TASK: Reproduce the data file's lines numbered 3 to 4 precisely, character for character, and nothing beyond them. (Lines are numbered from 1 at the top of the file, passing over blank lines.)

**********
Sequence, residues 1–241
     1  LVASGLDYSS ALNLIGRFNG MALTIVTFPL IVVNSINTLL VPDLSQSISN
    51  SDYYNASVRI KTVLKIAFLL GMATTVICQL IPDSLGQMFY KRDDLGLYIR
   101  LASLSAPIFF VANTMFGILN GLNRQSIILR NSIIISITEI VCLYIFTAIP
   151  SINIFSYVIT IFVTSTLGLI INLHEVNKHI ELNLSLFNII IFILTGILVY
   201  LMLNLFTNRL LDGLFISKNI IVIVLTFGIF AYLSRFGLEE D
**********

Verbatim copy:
    51  SDYYNASVRI KTVLKIAFLL GMATTVICQL IPDSLGQMFY KRDDLGLYIR
   101  LASLSAPIFF VANTMFGILN GLNRQSIILR NSIIISITEI VCLYIFTAIP